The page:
The Impermanence of Things Ruins Her Life by Andrey Pissantchev


She wakes up with a sense of foreboding that tells her the alarm should have gone off by now. She is correct. She jumps out of bed in a panic, checks her phone, which has run out of battery overnight, and runs into the kitchen to try and get ready for work. The clock on her oven tells her that she still has fifteen minutes before she needs to set off, so she scarfs down a bowl of cereal and slaps on a token amount of makeup. She packs her work bag quickly, zipping it closed while she walks. Her phone battery can wait until she gets there.

As she rushes out the door and through her meager garden, she notes that the grass has grown past knee length and needs tending to when she gets some spare time.

She arrives at work three minutes late.

She makes sure her phone is plugged in before she goes to sleep. The tinny pop song of her alarm wakes her up in the middle of a dream, and she snoozes twice before waking up fully.

Her alarm is a tune she used to enjoy in days past. Today she finds herself hating that song just a little bit more.

She opens her cupboard to retrieve her cereal, and the top hinge falls loose, letting the door hang askew. She still has time. She digs out her screwdriver and spends a few moments trying to fix the door in place. She does an okay job, but the hinge fitting is too worn out and will not last very long. She makes a mental note to buy a replacement and fix it properly when she gets a chance.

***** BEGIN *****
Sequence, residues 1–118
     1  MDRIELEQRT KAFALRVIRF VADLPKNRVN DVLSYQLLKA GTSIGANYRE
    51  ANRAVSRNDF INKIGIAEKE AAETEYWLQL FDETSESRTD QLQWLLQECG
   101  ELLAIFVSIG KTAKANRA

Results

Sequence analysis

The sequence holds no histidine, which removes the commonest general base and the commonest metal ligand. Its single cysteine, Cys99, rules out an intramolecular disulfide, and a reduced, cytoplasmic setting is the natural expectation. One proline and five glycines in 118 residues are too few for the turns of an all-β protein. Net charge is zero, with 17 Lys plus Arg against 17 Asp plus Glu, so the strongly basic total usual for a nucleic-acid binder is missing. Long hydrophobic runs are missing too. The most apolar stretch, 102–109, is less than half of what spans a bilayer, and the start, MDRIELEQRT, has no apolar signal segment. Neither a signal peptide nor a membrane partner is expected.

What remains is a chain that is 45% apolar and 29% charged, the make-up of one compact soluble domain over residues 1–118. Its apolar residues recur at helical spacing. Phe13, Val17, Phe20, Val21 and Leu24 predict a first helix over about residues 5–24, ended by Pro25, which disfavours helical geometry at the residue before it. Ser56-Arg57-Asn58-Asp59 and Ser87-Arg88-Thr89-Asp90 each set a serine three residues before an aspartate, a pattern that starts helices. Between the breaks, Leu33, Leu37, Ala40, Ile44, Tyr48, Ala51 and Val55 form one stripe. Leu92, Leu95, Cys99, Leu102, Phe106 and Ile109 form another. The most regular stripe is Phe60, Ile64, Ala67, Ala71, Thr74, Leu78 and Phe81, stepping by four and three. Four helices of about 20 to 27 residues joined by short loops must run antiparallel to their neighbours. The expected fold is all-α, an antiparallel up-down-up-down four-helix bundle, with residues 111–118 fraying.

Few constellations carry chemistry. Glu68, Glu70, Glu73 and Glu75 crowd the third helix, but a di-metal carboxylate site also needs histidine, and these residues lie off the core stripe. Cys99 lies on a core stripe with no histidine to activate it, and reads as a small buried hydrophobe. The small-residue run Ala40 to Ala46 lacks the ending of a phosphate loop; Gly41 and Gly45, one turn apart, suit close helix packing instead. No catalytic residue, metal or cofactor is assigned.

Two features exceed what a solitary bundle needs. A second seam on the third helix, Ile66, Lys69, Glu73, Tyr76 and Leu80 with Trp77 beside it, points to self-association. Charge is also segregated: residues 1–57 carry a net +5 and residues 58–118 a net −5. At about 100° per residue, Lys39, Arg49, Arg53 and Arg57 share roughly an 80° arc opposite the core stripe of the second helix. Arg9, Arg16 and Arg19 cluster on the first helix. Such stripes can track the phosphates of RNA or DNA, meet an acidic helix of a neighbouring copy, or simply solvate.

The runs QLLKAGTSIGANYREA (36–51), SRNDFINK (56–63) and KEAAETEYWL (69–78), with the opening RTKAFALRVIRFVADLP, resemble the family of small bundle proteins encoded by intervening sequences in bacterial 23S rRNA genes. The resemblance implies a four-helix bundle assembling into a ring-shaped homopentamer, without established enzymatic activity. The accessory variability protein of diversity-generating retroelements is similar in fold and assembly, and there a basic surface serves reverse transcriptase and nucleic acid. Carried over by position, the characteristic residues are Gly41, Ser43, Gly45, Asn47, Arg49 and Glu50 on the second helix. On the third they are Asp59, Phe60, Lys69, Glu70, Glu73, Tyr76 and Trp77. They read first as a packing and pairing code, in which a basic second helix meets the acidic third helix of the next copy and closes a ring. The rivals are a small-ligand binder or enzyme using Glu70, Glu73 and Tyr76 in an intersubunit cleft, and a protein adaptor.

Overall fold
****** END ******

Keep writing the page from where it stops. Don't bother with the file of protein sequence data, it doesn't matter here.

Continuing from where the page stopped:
She looks at the time on her oven and notices she got distracted for far too long. She only has twelve minutes left. She prepares her bowl of cereal, but the first spoonful almost makes her retch. The milk has gone off. She places a slice of bread in the toaster while she applies her makeup. By the time she’s done, the bread has already grown cold.

Walking out, she stuffs a dry bit of toast in her mouth. A stray takeaway leaflet blows out through the door as she opens it. After she locks up, she tries to put the leaflet back into her letterbox but gets her wires crossed and inserts the piece of toast instead. She groans, forces the leaflet in, then dashes off to work.

She arrives with almost a minute to spare but still earns a disapproving look from her manager.

She is woken up an hour early by a loud, infernal beeping. She bounds out of bed, shaking with adrenaline. It takes her almost half a minute to realize what the sound is and what it means. She runs through the house, checking each room in turn, but there’s nothing burning. There’s not even smoke.

She paces around the living room, unable to think from the noise. The fire alarm pulses through her ears, causing her physical pain. Then she looks up at the alarm itself. There’s a damp patch around it, and it dawns on her that the alarm must have shorted. She manages to climb on a chair and take the alarm down with her stiff fingers. It’s not until she takes the batteries out that it finally shuts up.